It's a scene that would surprise even Gabriel Garca Marquez, the great Colombian writer who knows so well the surrealism of Latin America.
Amid the total destruction of what was the Pan-American Highway in far-north Nicaragua - now a gray no man's land of car-size boulders that were tossed like puffballs in the raging waters of hurricane Mitch - there's a bobbing cloud of shocking pink.
It's the pink of cotton candy, small plastic bags of which are attached like leaves to a pole balanced over the shoulder of Jose Miguel Solano Gonzalez. Sales of the 1-cordoba (about 10-cent) treats are going poorly in his hometown of Ocotal, so Mr. Solano is fording the now-peaceful Dipilto River, blazing his own rocky path as he goes, to make the 10-mile trip to the small town of Dipilto.
"It's the first day you can get to Dipilto other than by helicopter, so I figure I ought to be able to make a few sales up there," he says, oblivious to the apparent absurdity of his trek.
"Nobody has money after what hit us, but I'm thinking someone will come up with a cordoba or two to give his kid a little happiness."
So this is a pink of Nicaraguan optimism and determination.
And other signs of this same determination stand out as vividly as that cotton candy all along this washed-out stretch of highway that, until Mitch hit at the end of October, connected the countries of Central America like a two-lane backbone.
Down the highway in Yalaquina south of Ocotal, a group of young men turn adversity into opportunity. With the town's bridge washed out, the men carry motorcycles across the rushing river for a few cordobas.
For 5 cordobas, a farmer lets four-wheel drive vehicles enter his property to reach a particularly shallow crossing point of the river.
Northwest of Ocotal, along the dirt road of the rural community of Mozonte, Santos Meja Balladares is already replacing the mango, orange, avocado, papaya, and coffee trees he lost.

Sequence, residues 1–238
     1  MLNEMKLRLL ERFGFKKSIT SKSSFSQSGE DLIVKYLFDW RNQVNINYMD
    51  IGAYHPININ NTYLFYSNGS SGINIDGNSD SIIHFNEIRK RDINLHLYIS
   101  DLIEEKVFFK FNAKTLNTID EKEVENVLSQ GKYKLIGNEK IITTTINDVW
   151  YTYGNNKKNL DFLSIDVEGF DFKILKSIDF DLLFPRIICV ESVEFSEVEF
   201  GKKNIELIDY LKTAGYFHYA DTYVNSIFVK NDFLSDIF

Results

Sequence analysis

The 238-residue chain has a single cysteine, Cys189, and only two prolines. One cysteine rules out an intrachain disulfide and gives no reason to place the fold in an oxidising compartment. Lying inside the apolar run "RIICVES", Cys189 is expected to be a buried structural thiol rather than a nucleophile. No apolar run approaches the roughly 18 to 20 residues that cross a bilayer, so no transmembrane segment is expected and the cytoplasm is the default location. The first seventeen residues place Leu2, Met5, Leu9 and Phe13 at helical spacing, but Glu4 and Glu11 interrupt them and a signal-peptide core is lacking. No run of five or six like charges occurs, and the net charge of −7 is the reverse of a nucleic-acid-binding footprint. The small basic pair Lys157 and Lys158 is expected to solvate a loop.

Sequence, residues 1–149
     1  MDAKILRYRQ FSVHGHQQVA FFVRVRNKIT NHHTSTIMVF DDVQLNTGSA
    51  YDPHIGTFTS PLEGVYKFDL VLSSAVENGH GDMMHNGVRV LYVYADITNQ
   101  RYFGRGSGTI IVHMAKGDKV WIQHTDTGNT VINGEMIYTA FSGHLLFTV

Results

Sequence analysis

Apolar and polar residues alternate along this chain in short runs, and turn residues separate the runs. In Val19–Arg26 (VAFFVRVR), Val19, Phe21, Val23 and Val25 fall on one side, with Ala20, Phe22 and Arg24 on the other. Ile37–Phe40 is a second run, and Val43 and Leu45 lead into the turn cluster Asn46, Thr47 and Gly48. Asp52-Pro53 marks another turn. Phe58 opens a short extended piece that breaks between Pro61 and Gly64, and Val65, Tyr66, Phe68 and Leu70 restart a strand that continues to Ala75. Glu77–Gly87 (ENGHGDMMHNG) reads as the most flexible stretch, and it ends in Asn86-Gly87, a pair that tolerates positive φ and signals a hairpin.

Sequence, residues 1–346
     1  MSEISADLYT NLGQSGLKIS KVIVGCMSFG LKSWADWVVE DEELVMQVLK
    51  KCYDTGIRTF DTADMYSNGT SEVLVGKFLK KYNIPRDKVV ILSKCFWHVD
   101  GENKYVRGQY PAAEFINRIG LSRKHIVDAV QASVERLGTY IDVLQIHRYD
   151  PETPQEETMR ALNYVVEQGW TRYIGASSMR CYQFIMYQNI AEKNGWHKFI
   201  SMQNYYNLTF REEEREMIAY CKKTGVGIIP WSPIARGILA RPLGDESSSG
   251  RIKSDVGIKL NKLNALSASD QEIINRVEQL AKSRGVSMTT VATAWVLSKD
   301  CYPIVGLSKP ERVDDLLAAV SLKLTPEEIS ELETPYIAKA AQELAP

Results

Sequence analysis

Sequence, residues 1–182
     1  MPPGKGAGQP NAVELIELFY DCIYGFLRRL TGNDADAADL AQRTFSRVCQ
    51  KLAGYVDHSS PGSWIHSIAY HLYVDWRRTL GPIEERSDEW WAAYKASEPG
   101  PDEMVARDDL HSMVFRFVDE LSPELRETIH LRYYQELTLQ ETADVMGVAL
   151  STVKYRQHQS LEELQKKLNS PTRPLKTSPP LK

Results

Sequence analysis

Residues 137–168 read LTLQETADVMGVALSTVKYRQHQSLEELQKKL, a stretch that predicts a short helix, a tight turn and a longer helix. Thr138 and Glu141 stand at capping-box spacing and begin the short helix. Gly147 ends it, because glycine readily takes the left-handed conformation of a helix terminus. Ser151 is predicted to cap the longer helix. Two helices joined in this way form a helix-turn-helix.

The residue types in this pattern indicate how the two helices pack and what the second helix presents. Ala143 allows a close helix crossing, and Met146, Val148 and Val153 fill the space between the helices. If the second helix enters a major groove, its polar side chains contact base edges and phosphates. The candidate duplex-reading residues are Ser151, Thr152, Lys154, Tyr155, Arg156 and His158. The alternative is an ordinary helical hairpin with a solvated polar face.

"All of this was lush, green, and productive," he says, indicating the eight riverbank acres he owns that are now just a stretch of hot gray rocks. "I had to wait five days to let the river subside and get my spirit back, but then I got to replanting."
Dipilto is a town that was isolated from the rest of the world for 22 days except for a daily helicopter load of emergency provisions. The reopening of the Pan-American is a harbinger of better times.
The very provisional roadway from Ocotal is still open only to the hardiest of four-wheel-drive vehicles and jacked-up buses, but it's a start.
A pretty and prosperous town that lived on tourists drawn by mountain air and a shrine to the Virgin, Dipilto lost 23 of its 109 houses when the river swelled and jumped its banks. On one street, only the faades of six white-washed dwellings remain: Their windows look in on a scene of uprooted trees, tangled furniture, muddy clothing.
But with the first trucks able to get through with building supplies on Nov. 20, a post-flood silence is finally ended by the banging of the initial hammerings of reconstruction.
"We lost our house and everything with it, but we're fortunate we have this," says Julio de Jess Marchena of the house his sister has lent his family. Repairing a muddy and rusted box spring with a few shiny-new nails, the summons-server for the local judicial authorities says, "It'll take some time, but we'll get over this."
Mozonte farmer Meja agrees. He points to a work crew of local men, women, and children, each of them earning 20 cordobas a day from the municipality to make the dirt paths passable again.
"Some people don't want to pitch in, they seem to have given up, but most of us are determined to start over. Like these little trees," he says, caressing the green leaves of an orange seedling poking out from among the gray rubble.
It's the vibrant green of new growth, as stark against the expanse of rock and mud as the pink of cotton candy.